Bailout miscellany

OK, we've had our little celebration now.  The most recent iteration of the bailout bill went down in flames.  But like Lazarus, or maybe Rasputin, it will prove very hard to kill.  Back to reality.  In the end, Tom Friedman, David Gergen, and the rest of the punditocracy will get their way.

Among the reasons is this:  Assuming the theory that the Plunge Protection Team either allowed or engineered the 777-point Dow drop on Monday, it is having the desired effect:  Calls to Congressional offices — which last week were reported informally as 50% "no" and 50% "hell no" — have begun to turn in favor of a bailout.

And chances are the new and improved version will be even worse than Version 1.0.  The most baffling/outrageous/insane aspect of the new model is the plan to "temporarily" increase FDIC deposit coverage from $100,000 to $250,000.  In the first place, I guarantee you any temporary increase, whatever the size, will become permanent.  In the second place, is anybody, I mean anybody among the power elite even giving lip service to the fact the FDIC can cover — at best — about 1% of all insured deposits at the current $100,000 limit?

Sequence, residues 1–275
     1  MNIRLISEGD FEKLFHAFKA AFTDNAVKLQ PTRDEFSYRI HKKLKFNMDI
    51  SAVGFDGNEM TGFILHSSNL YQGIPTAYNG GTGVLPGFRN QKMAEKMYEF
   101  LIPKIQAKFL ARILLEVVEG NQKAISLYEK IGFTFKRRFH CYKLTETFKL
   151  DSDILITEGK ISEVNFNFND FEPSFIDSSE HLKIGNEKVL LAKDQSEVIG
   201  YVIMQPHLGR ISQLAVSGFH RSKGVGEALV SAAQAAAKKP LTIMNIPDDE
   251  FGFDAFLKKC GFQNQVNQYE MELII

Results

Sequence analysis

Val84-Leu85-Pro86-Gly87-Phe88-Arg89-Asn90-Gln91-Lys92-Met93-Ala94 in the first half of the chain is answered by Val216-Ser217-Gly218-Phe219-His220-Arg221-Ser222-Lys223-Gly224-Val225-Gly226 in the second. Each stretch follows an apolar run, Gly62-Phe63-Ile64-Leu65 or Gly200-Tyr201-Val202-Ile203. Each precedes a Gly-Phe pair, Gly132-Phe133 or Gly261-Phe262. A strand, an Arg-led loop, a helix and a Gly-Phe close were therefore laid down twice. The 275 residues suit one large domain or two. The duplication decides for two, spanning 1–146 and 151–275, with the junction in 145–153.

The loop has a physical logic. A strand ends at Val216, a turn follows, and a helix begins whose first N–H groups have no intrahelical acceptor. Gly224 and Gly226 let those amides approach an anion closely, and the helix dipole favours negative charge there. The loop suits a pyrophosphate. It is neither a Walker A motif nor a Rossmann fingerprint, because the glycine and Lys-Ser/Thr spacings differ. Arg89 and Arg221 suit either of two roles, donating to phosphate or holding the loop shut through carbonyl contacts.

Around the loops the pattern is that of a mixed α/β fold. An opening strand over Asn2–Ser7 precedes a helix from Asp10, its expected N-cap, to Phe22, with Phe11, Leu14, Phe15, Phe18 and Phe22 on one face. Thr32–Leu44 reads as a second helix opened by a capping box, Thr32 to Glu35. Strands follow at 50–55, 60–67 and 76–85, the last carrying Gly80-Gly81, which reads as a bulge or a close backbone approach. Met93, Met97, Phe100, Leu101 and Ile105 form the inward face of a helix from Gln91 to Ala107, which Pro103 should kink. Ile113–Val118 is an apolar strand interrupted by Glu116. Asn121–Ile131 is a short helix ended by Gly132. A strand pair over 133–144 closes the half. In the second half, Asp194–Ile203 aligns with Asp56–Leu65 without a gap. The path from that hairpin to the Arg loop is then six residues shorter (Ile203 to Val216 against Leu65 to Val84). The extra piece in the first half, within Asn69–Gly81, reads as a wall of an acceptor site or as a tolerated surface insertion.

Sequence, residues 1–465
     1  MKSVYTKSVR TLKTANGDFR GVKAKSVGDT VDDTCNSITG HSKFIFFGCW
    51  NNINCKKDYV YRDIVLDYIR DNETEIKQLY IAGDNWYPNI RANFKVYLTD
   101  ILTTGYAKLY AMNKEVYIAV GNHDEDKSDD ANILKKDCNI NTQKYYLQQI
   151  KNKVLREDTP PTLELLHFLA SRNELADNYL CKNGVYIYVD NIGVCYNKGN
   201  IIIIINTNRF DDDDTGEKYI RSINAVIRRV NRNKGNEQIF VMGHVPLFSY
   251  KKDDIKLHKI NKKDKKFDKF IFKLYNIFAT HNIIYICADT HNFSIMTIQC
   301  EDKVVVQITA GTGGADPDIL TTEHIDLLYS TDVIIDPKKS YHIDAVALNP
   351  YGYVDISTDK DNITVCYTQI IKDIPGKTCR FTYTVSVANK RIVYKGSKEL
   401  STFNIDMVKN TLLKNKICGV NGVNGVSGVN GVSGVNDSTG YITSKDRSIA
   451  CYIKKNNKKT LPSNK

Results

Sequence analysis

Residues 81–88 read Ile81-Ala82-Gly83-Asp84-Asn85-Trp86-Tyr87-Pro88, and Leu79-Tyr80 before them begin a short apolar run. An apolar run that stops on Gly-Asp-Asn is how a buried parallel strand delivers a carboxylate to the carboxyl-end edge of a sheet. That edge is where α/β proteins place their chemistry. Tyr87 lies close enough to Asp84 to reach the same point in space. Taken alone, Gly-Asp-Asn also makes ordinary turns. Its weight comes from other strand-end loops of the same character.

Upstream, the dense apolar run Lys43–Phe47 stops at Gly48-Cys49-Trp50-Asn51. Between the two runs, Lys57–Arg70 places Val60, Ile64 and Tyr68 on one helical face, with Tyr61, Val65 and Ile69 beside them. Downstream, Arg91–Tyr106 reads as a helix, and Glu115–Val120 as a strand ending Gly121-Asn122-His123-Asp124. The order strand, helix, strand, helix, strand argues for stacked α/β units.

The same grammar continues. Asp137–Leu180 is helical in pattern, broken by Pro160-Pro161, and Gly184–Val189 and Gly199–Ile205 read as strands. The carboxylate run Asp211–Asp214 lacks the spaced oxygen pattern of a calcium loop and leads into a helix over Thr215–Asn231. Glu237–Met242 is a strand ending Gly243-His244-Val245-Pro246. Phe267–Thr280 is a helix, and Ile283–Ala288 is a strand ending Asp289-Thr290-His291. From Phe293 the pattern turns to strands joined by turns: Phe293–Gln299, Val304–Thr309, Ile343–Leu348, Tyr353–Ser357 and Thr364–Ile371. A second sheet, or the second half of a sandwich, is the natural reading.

No wonder there's a run on gold bullion among the wealthiest investors.  "Investors in gold are demanding 'unprecedented' amounts of bullion bars and coins and moving them into their own vaults," according to the Financial Times, "as fears about the health of the global financial system deepen."  Still other folks, not as well-heeled, are checking out five alternative methods to invest in the yellow metal.